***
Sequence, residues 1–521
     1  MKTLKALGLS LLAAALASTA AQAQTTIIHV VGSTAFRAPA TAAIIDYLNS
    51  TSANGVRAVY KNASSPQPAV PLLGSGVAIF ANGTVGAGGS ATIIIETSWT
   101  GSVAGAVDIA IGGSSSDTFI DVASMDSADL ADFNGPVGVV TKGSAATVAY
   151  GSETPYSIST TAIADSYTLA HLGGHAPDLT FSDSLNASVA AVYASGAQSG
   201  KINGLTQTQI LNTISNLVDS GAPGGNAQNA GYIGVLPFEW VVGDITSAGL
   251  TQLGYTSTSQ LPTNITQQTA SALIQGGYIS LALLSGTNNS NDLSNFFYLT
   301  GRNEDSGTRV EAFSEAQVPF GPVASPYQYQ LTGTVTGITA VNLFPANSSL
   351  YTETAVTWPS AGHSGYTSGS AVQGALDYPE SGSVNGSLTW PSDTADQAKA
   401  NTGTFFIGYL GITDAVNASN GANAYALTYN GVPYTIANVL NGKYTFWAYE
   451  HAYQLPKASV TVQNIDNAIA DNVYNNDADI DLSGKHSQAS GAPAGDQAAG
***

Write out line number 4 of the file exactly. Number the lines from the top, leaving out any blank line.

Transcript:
   101  GSVAGAVDIA IGGSSSDTFI DVASMDSADL ADFNGPVGVV TKGSAATVAY